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Archive for Athletics After Dark
Led by manager Art Howe, the 2001 A’s were one of the most talent-laden teams in franchise history. The remarkable part of that season was the club still finished in second place in the AL West behind the Mariners, who had a magical season and reeled off 116 wins. The A’s, who won the AL Wild Card by virtue of a record of 102-60, were stacked with several in- their-prime players. Hurlers Tim Hudson, Barry Zito and Mark Mulder emerged as Oakland’s “Big Three” that season.
Jason Giambi, a hitting machine, was coming off his 2000 AL MVP season and eyeing a big payday in free agency in the fall. Eric Chavez and Miguel Tejada stabilized the left side of the infield and combined to hit sixty-three homers. In late innings, stingy right-handed relievers Jeff Tam and Jim Mecir, along with crafty lefty Mike Magnante handed the ball over to closer Jason Isringhausen, who saved thirty-four games. Then there was the outfield—Johnny Damon, Terrence Long and mid-season acquisition Jermaine Dye. While we can’t forget about catcher Ramon Hernandez or the late pitcher Cory Lidle, who died in a plane crash in 2006, there were many others who contributed that are not mentioned in this piece.
With Giambi leading the way, the team exuded confidence. It was comprised of a perfect mix of power, speed and pitching. The clubhouse included remote control cars, wrestling action figures and a cranked-up stereo system. Many compared the A’s clubhouse to a frat party. Damon rode BART and his skateboard to the Coliseum.
After a shaky start of 8-18, the club mowed through opponents in the second half of the season, finishing 58-17 in their final seventy-five games. The A’s were arguably the best team in baseball and favored to win it all.
Which brings us to the pain.
A’s GM Billy Beane has always contended that the playoffs are a “crapshoot” and regular season success has almost nothing to do with the fate of the postseason. That proved true in 2001. That is because the two most winningest teams in baseball, the Mariners and A’s, failed to make it to the World Series. Ultimately, the 92-win Diamondbacks won it all. The surging A’s, in fact, couldn’t advance past the ALDS.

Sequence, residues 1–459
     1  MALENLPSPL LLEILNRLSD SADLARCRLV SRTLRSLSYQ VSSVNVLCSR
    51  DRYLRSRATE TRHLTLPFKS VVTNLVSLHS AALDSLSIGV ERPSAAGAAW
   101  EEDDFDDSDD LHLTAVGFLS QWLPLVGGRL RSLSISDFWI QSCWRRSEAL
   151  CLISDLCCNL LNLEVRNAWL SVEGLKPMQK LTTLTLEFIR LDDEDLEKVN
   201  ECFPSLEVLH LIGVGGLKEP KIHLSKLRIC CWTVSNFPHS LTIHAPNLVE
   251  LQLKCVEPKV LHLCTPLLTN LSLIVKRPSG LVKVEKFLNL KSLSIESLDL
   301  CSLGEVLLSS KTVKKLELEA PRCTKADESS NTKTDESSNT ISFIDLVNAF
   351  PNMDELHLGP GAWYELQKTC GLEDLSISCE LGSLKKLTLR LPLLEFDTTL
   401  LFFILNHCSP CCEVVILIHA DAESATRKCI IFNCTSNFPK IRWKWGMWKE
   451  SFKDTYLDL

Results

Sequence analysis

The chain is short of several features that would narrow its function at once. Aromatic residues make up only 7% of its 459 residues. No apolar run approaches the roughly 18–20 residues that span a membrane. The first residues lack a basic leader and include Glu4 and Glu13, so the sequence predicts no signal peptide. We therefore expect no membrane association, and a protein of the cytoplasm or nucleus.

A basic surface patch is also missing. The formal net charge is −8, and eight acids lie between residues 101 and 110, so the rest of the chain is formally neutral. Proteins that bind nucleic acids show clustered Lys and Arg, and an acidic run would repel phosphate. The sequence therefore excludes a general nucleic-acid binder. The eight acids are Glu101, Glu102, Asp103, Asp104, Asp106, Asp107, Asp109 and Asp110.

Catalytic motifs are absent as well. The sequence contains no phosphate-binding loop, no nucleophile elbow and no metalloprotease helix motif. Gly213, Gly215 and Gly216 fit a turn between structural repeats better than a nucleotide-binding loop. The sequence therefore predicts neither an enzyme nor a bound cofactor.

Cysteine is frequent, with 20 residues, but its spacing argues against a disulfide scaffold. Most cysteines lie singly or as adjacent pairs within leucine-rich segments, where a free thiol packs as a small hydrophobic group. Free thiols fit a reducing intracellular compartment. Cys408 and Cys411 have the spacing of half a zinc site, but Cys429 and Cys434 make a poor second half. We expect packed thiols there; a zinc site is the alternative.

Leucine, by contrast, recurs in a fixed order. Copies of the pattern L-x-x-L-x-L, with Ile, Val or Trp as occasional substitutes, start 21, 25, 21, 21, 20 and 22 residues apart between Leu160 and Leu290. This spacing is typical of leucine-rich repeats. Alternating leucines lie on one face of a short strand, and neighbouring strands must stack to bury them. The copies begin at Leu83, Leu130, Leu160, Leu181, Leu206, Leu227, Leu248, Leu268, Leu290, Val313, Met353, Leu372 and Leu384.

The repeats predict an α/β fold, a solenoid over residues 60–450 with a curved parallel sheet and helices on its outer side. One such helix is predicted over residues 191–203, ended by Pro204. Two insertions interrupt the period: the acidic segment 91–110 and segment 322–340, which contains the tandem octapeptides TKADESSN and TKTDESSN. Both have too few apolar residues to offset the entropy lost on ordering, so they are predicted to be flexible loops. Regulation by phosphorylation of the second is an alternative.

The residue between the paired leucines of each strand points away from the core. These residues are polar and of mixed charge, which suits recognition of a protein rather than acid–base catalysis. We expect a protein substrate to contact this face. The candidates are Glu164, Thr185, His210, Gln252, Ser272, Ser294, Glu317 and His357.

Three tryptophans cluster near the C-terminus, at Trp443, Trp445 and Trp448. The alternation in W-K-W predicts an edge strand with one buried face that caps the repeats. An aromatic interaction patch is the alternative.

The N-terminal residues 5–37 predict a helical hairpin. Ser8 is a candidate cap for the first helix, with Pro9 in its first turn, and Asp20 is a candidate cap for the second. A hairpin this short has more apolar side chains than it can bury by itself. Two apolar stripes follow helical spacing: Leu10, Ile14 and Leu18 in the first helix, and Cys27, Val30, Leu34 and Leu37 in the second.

That’s part of baseball, you say. But what made the 2001 season so hard to overcome for many A’s fans?
First, the Yankees had home field-advantage in the ALDS, but thanks to gutty performances by Mark Mulder and Tim Hudson, the A’s snatched the first two games at Yankee Stadium. Up 2-0 in a best-of-five series, the A’s were headed home for Game 3 with Barry Zito on the mound. One more win and the A’s would advance to the ALCS for the first time in a decade. Zito pitched masterfully, but highlighted by Derek Jeter’s infamous flip to Posada and Jeremy Giambi’s failure to slide at home plate in the bottom of the seventh, the A’s fell 1-0. Ouch.
Secondly, the departure of fan favorite Jason Giambi, heart and soul of the team, was another hard pill to swallow. Under then owner Steve Schott, the A’s were reportedly close to signing Giambi to a $91 million, six-year contract during spring training, however, talks stalled when he demanded a no-trade clause. Giambi proceeded to sign with the Yankees in December.
Once Giambi departed, some players followed suit. Days later, Damon signed a $30 million, four-year contract with the Red Sox and Jason Isringhausen signed a $27 million, four-year deal with the Cardinals.
The A’s brass not only had to deal with the haunting memories of the ALDS that got away, but were forced to watch three important pieces of their roster depart.
We all know things worked out the following season, but to this day, I still feel the sting of what could have been for the 2001 A’s.